The Hidden Persuaders of the Smartphone Era
In the TV series “Mad Men,” the fictional agency’s creative director, Don Draper, would sometimes jot down an idea for an ad on a paper napkin, while relaxing in a bar after work. In the following few days, the agency’s art department would turn the idea into an appealing advertisement, which the public would later see in the media. This “scattergun” approach was based on the statistically proven idea that if a lot of people saw or heard the message many would act on it.
“Mad Men” was set in the 1960s, and the advertising methods used then may not sound very sophisticated by today’s standards, yet scientific techniques were employed even then. For important campaigns, agencies, advertisers, and specialist consultants would carry out research of target markets using focus groups and psychological analysis. The kind of targeting of ads to niche groups or individuals, as happens today, however, was inconceivable in those earlier days simply because it was not possible. Now advertising agencies use data brokers, social media data, and psychometric specialists to micro-target consumers, making those old advertising methods seem quaint and even innocent. They were certainly much less cost-effective. Yet both eras have a common factor: the use of professional organizations that employ every available device to convince consumers to act in ways that benefit an advertiser.
Today, though traditional media still exist, the advertising industry is driven primarily by the Internet, and customer data is collected and monetized by big tech companies like Facebook, Google, Microsoft, Apple, Amazon and others. They gather a huge amount of psychographic and demographic information about all their users. That enables advertisers to target potential customers extremely precisely. For most products and services, online advertising is much more cost-effective than traditional media advertising, though the information about consumers collected online by the tech companies through social media and other means enables advertisers to better target their tradition media advertising also.
For example, if an advertiser wants to sell a product or service to single male fitness enthusiasts aged between 35 and 45 earning over $80,000 p.a. and living in the Pittsburgh area, the Internet companies can aim advertising specifically at people fitting that profile with a very high degree of accuracy. The Internet companies may not reveal those individuals’ identities to advertisers, yet the advertisers’ targeting is accurate because it is based on very large samples of data amassed from the profiles, friends, and online activities of those users. That is why most of the advertising that we all see online is for products and services relevant to us.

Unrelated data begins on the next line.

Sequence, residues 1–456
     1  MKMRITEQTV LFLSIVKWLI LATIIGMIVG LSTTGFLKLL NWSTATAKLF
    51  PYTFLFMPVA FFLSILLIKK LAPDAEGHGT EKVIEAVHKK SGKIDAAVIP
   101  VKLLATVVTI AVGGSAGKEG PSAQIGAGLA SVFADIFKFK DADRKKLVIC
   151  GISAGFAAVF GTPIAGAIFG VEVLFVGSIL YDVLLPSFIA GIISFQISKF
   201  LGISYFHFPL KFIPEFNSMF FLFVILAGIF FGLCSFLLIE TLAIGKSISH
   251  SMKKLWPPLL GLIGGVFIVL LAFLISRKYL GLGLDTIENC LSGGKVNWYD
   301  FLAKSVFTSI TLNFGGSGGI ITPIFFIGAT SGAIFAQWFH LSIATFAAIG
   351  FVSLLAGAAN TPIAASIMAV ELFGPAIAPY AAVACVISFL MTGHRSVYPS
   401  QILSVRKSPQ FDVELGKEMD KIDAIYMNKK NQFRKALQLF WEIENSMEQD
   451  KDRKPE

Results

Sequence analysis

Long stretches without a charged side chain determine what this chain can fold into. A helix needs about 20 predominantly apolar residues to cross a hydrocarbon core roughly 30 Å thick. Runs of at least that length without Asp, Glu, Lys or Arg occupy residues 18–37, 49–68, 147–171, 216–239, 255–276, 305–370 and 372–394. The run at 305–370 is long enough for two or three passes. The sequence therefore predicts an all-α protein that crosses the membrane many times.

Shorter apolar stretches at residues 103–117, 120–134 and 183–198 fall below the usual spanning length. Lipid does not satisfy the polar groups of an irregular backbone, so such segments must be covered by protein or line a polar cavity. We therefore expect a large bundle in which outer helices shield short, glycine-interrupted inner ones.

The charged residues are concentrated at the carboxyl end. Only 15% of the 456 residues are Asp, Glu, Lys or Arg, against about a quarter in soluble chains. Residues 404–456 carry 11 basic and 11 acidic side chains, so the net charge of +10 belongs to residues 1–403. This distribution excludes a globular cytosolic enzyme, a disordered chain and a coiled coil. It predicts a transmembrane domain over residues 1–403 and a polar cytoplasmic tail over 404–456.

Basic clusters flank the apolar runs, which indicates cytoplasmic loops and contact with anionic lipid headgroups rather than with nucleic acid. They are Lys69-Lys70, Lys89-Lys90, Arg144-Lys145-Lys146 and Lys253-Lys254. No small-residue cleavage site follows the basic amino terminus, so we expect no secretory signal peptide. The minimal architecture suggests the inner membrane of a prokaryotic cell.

To protect consumers, traditional advertising has always been regulated, and the regulations have become tighter with time. So claims in ads must be accurate and provable. Traditional media advertising is relatively easy to monitor because the same advertisement is seen or heard by many people. In addition, regulations don’t just apply to the advertiser; they apply also to the medium that publishes the advertisements such as newspapers, TV, radio, and cinema.
Consumers are much less protected on the Internet, however, especially on social media platforms because current regulations don’t apply to most online content. In addition, the social media companies claim not to be publishers, merely platforms that have little or no control over what users post on them. The problem of potential regulation is exacerbated by the sheer amount of advertising and other content on social media networks, the huge number of users, and also the fact that so much of the advertising is micro-targeted and seen only by a relatively small group of users.
Currently, the social media platforms give unscrupulous people an almost foolproof way to spread misleading and false information. That might not be too serious, if it only meant, for example, that some people purchased a pair of shoes that didn’t live up to the seller’s online claims. If, however, false or misleading claims in unregulated and anonymous online advertisements induced a person to vote for a particular candidate instead of another in an election, it could threaten democracy.
In the 20th century authoritarian and fascist regimes undermined democracy in some European countries. That is why Europeans today are so wary of any hint of such threats reappearing and partly explains why the EU has introduced new regulations to protect users’ online data and privacy. In force from the 23rd of May, 2018, the EU General Data Protection Regulation (GDPR) is expected to prompt similar regulation in other parts of the world, especially in the US and Canada.
“The Hidden Persuaders” was a hugely successful book published in 1957 about the US advertising industry of that era. The author, Vance Packard, suggested advertising was an immoral industry that used hidden psychological tricks to entice people to act in ways they otherwise might not have. Today’s hidden persuaders are much better hidden and much more persuasive, and, crucially, much less regulated, at least for now.
Make no mistake, governments around the world will introduce and pass laws governing search and display in the coming years. The big companies will suffer as a result and the door will be left wide open for companies like Yippy, inc. to capitalize. We expect the new Yippy Search engine to be released in the second half of 2018. The engine will be ad-free, will store zero data and deliver results 23X faster than Google. And best of all, your search results will be relevant! Yippy trades on the OTC US under the trading symbol: $YIPI (IBM owns 9% and GlobalStar 18% of the outstanding shares). Yippy shares will breakout to the upside in a big way, only a matter of time.
The IBR Team